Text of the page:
Whatever happens when Newcastle United visit the Emirates Stadium on Saturday, Arsene Wenger can be satisfied Arsenal have ended 2015 in a much better shape than they started the year.
Twelve months ago, the Gunners slumped to a 2-0 defeat at Southampton that left them in sixth position in the Premier League, 13 points adrift of leaders Chelsea -- a dismal situation that led to a confrontation between Wenger and an angry supporter during the game.
This time around, Arsenal will start the new year at the top of the league table and bolstered by the growing confidence this could be the year they deliver a first English title since 2004.
Wenger's side have grown stronger the longer the season has gone on and it would be a major surprise if they failed to record a fifth win in six league games against Steve McClaren's struggling Newcastle.
The 4-0 defeat at Southampton a week ago demonstrated the north London club still have the capacity to stumble unexpectedly.
But with German midfielder Mesut Ozil in outstanding form and Olivier Giroud, Theo Walcott and Aaron Ramsey getting better with every game, the impact of a succession of injuries to key players including Alexis Sanchez has not been felt as keenly as they might have been.
The title race, though, remains finely balanced, with only goal difference separating Arsenal from Leicester City, who lie second with Manchester City a further three points behind.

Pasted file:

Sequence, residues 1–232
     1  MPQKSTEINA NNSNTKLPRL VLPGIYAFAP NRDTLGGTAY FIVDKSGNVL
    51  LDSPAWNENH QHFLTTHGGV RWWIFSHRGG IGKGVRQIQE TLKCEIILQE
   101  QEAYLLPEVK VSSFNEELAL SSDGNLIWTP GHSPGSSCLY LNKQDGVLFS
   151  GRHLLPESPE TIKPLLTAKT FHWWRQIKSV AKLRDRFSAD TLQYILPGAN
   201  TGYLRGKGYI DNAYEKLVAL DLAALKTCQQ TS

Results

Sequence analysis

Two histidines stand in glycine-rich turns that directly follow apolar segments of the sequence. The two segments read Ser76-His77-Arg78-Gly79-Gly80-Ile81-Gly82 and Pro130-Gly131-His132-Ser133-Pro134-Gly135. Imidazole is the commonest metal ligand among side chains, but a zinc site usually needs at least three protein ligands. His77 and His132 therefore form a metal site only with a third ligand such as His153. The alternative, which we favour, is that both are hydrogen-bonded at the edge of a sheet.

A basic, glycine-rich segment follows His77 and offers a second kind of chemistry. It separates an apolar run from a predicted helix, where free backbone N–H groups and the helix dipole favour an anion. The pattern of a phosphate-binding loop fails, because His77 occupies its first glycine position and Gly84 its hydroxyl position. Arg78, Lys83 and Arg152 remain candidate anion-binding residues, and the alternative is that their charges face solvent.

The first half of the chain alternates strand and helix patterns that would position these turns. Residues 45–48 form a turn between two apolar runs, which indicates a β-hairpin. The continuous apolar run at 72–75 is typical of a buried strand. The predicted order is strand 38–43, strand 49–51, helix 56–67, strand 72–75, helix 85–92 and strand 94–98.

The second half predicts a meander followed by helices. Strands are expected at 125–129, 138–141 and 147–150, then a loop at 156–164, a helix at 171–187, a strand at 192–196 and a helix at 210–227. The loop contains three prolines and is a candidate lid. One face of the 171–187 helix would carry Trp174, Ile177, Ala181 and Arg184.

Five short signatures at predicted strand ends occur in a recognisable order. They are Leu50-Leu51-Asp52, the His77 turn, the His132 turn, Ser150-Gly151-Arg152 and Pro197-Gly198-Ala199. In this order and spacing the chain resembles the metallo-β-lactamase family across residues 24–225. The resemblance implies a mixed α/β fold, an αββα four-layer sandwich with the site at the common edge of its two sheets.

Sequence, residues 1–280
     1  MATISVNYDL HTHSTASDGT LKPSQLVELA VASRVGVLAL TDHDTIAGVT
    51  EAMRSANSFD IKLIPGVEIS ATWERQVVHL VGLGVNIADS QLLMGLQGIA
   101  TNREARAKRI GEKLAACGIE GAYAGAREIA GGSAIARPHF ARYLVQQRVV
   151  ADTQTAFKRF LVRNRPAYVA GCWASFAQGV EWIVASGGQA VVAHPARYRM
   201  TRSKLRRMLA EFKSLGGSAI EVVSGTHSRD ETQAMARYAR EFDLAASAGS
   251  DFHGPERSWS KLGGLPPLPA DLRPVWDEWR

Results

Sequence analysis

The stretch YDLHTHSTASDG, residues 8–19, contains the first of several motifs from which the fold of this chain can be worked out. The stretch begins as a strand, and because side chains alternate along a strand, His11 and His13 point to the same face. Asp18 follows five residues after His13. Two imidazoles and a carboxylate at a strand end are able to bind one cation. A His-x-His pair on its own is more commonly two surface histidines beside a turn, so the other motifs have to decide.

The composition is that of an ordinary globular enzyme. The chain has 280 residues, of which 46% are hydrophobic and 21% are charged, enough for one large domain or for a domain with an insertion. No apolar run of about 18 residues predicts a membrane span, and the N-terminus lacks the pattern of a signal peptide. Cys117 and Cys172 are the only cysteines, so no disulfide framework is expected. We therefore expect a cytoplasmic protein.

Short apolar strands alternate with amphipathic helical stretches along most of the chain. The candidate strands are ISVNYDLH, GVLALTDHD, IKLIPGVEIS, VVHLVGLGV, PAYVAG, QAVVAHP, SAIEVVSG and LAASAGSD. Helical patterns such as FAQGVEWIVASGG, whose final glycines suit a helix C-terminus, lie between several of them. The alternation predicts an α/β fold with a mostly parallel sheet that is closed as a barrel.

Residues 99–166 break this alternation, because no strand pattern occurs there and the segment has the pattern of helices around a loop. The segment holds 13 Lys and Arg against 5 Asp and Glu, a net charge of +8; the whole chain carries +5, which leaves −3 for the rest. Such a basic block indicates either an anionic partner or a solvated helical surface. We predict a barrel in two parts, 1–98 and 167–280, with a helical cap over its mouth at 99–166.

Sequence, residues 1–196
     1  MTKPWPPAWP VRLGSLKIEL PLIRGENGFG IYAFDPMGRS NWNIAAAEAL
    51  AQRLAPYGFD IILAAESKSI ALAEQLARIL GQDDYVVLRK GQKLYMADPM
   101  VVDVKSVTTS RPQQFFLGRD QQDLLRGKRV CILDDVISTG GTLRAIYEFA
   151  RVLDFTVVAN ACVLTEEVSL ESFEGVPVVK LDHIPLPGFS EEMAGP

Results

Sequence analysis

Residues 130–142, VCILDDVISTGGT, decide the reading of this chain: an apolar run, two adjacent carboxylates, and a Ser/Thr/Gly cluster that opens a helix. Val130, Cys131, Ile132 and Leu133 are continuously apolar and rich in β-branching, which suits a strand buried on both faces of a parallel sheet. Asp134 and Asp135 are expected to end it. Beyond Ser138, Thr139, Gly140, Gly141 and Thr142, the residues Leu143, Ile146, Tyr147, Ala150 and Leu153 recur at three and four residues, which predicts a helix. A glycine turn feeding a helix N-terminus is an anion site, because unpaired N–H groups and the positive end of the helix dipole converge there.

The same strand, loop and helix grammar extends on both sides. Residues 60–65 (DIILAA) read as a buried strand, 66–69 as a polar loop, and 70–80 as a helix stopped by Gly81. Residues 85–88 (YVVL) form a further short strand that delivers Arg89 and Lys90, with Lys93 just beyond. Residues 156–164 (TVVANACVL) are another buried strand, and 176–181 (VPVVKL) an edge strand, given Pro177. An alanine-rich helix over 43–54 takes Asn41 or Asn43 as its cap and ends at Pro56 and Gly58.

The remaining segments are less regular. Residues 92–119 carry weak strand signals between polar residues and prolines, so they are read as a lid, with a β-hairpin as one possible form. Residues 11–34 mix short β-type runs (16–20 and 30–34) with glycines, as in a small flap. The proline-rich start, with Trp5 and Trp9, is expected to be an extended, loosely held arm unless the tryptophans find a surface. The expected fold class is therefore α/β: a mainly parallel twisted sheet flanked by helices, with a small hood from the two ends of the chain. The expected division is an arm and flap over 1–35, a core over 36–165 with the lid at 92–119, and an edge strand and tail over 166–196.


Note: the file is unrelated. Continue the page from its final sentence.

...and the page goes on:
Wenger insists this is the most exciting season at the head of the table for several years and the immediate challenge for his side is to ensure they maintain their slender lead.
And on that count, the Gunners manager believes Arsenal's performances have offered grounds for optimism at the Emirates.
"Being top on goal difference doesn't make a big difference, it is just down to how well you play," Wenger said.
"Your performances dictate all that and you have to be guided by your performances.
"After that it is reassuring to know that if your performances are right you do not need bad results from somebody else.
"That is one less stress. It is a bad thing in our job -- we always want to be successful and we wish that the others are not.
"That is not a very good feeling in our position, but once you are first you can just focus on your performance.
"I heard last night the cliche; 'nobody wants to win this league'. I can say as well that everybody wants to win it.
"And if you were in the game you would think that's not the case -- everybody wants to win it but it's difficult."
French midfielder Mathieu Flamini is fit to return but Sanchez faces another week on the sidelines while he recovers from a hamstring problem.
Newcastle are back in the relegation zone after consecutive defeats over the Christmas period.
They have several selection issues ahead of the trip to the Emirates Stadium, with goalkeeper Rob Elliot hopeful of returning after illness in place of Karl Darlow, who struggled on his Premier League debut in the 1-0 defeat at West Bromwich Albion.
That loss left the Tyneside club two points adrift of safety going into the New Year.
McClaren still remains confident Newcastle can avoid relegation, as his side look to improve on a record of 13 defeats from their last 15 visits to Arsenal.
"Our form has not been good enough and that's why we find ourselves in the bottom three," he said.
"But we feel as if we're getting there after a tough start. There are 19 games left and we have a lot of hard work to do to get to where we want to be."